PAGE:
“We did have a couple meltdowns because of the face masks to be quite honest,” she said. “We had kids with sensory issues, and the mask irritates that. I would try to explain why we’re doing it: to protect you, to protect your family, to protect our families. Explaining all of that and trying to get to academics and their social and emotional needs, with everything going on, was difficult.”
Sarraino was diligent about keeping her own mask on at all times, but she found she had to make compromises with her students, allowing them breaks without the masks to eat snacks and drink water as long as they were at least six feet apart.
Her district has not made a decision about whether they will require masks next year. In the meantime, Sarraino is encouraging her students to get vaccinated if they are eligible and hoping that the possibility of a mask-free year next year will be an incentive.
“I teach science generally,” Sarraino said, “and we try our best through science to really dispel any of the conspiracy theories that we hear — and we hear quite a few — to try to get the kids to not be afraid of the vaccinations.”
Sharity Keith, 11th and 12th grade teacher, at Boca Ciega High School, St. Petersburg, Florida
After nearly 20 years of teaching, Sharity Keith planned to make a career change last year. But when the pandemic closed everything down, she decided to stay for one more year, teaching reading to 11th and 12th graders who failed Florida’s state assessment and needed to catch up.
Since the beginning of the school year, Keith has simultaneously taught students remotely on video and in-person in the classroom, which essentially doubled her work — to 70 and 80 hours a week at times. Talking so much through a mask every day left her voice permanently hoarse, she said. In the beginning, she was so fearful of catching COVID that she wouldn’t take her mask off at all at school, meaning she didn’t eat or drink water until she got home. Keith said she loves teaching and may come back to it, but this year left her exhausted.
“I wouldn’t say the pandemic is why I’m leaving,” Keith said, “but I think the pandemic has highlighted for me what I already knew, which is that teaching is simply not valued by the community.”
Boca Ciega High School in St. Petersburg, where Keith teaches, required students and staff to wear masks all year. Keith was grateful for that, but the masks added another layer of challenges. Many of her students are English language learners, and the masks made it harder for them to understand each other. Some of them eventually stopped showing up, she said.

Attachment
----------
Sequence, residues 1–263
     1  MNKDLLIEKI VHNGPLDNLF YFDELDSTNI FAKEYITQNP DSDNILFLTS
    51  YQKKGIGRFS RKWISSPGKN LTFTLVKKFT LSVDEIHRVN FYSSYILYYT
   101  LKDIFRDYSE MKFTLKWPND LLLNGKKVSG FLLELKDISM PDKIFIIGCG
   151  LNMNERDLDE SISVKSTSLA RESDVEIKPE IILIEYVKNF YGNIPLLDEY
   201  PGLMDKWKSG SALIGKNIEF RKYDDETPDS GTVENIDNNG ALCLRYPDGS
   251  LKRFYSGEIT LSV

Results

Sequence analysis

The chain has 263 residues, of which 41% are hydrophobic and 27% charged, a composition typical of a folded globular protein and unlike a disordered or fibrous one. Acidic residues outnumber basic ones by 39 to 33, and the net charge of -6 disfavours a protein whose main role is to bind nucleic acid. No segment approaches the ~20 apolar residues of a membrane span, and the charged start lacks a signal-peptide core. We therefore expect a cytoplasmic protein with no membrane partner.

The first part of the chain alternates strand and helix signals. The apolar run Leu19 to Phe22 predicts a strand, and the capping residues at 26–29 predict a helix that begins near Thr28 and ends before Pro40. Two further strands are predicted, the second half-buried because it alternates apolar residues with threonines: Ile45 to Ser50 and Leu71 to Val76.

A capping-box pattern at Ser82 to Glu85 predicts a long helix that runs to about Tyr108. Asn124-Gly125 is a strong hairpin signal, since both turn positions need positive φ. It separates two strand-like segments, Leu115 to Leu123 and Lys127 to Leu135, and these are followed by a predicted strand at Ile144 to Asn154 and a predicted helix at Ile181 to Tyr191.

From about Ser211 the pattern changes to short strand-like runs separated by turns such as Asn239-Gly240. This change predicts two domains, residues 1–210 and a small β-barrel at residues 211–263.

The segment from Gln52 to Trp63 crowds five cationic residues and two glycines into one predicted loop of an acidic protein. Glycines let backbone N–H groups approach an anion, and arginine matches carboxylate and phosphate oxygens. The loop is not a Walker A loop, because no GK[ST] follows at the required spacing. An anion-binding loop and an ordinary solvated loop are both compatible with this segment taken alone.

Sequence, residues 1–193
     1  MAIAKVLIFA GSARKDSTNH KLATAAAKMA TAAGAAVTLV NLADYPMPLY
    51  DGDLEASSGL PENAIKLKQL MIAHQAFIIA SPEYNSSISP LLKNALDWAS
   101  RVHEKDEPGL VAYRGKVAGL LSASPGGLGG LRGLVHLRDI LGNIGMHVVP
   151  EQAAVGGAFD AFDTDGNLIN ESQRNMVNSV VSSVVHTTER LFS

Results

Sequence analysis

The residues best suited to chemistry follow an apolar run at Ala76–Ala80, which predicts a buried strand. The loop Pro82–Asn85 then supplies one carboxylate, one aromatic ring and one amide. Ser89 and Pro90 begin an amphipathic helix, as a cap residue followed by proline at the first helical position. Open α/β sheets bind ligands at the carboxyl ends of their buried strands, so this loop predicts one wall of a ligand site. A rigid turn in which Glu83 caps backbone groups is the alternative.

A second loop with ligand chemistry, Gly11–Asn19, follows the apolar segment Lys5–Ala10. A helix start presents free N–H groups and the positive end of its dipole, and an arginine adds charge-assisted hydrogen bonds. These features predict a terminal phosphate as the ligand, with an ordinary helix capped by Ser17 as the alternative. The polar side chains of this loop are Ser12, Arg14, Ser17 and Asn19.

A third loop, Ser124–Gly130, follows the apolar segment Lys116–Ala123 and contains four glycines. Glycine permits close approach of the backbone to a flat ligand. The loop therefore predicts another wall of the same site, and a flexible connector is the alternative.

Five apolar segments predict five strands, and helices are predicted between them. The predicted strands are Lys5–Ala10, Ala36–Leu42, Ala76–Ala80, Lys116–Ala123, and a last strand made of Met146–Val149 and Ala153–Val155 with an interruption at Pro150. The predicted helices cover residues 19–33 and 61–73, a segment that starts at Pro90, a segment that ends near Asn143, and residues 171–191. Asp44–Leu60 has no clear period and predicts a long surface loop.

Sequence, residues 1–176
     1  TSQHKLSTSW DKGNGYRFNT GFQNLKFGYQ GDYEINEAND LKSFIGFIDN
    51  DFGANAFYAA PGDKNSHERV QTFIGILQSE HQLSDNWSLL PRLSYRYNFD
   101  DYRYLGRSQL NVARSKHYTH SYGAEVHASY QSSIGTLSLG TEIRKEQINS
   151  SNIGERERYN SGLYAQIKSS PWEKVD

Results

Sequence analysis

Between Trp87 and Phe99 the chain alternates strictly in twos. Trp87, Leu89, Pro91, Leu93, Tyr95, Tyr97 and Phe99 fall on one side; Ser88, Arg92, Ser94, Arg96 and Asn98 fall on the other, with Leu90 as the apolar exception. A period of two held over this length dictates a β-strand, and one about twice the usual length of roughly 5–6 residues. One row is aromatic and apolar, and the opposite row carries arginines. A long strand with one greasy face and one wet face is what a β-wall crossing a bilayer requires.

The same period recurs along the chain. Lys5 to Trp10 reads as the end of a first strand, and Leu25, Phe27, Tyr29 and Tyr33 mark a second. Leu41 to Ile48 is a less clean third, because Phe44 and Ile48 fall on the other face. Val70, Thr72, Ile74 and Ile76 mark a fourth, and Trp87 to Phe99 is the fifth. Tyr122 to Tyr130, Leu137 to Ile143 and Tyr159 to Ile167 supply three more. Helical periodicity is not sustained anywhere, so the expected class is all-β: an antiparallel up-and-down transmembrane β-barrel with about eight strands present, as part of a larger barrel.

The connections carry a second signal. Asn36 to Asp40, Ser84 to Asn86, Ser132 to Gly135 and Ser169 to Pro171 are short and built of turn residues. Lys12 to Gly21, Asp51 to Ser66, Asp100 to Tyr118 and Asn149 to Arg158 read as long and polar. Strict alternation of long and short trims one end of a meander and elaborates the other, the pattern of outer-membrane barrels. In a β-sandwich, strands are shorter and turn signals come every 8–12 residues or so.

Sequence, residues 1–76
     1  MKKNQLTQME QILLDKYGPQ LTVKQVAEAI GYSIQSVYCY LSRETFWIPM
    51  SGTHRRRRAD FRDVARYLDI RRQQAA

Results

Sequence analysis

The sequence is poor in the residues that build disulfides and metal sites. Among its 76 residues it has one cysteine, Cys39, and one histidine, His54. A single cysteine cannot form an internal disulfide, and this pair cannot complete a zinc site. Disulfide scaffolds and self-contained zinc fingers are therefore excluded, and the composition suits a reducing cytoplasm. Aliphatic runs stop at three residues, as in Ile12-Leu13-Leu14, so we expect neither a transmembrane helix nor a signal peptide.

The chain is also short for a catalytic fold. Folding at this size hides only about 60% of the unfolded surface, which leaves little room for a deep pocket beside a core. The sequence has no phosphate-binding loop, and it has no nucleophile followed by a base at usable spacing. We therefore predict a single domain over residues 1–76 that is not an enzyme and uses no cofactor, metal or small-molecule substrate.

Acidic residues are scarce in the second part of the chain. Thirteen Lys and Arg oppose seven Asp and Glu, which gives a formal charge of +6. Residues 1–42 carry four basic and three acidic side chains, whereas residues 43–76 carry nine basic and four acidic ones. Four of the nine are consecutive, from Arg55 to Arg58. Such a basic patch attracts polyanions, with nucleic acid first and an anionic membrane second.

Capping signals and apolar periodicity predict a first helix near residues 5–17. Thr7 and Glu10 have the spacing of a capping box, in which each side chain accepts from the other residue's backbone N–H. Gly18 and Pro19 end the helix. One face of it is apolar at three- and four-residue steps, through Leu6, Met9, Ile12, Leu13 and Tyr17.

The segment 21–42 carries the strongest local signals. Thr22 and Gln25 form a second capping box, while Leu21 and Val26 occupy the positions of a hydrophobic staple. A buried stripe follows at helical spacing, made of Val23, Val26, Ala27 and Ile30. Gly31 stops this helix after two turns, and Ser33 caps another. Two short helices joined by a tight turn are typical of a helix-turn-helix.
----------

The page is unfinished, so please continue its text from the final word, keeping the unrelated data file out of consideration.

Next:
Keith also teaches phonics to some students, and she found it difficult to enunciate through her mask and exaggerate the sounds: mmmaaa, bbbbaaa, pppaaa. “For a lot of my kids, it was like, ‘this is embarrassing,’” Keith said. “‘Here I am at the age that I am and this is what we’re doing.’”
Keith did her best to keep up their spirits by making jokes and celebrating when they passed their tests, but motivating them was a constant challenge. Caring for herself was, too. By the end of the year, she was comfortable enough to take her mask off to eat a little bit at school, but her voice is still not back to normal, despite regularly using throat spray to soothe it.
“I don’t think I’m going to talk at all this summer,” she joked.
Yvette Andino is a bilingual school counselor at two public schools in Queens, NY
One of the biggest parts of Yvette Andino’s job as a school counselor in Queens is showing kids what emotions look like as facial expressions. This last year, Andino worked with some students virtually and others in person, where masks were mandatory.
“There are some emotions I couldn’t show with my mask, like anger and sadness or the surprised feeling or shocked feeling,” Andino said. “You kind of form your mouth like an ‘O,’ like ‘oh, shoot’ or ‘oh, man.’ That was really hard for them to learn.”
Andino works primarily with elementary students who speak English and Spanish. Some of them are on the autism spectrum or have speech impairments. For these students, she had to get creative. Working with them in-person, Andino showed videos or drew pictures. If that failed, she stood 12 feet away from them in her office and briefly lowered her mask to show her own facial expression. She tried using a clear face shield in the beginning, but they gave her tension headaches and weren’t as effective as masks at stopping the spread of COVID.
For many of Andino’s students, it took three times as long as it normally would for them to learn how to recognize and understand certain emotions, but they eventually got there, she said.
In New York City public schools, face masks will still be required at the beginning of the next school year, officials have said, but guidelines are changing all the time. If given the choice to wear a mask, Andino is not sure what she would do.
“I would love to live in a world without masks,” she said, “but if it is for safety and it’s an option, I think I would ask the students. Some will straight out tell me they prefer masks or they prefer I show them my facial expression. They’ll tell you if they’re comfortable or not.”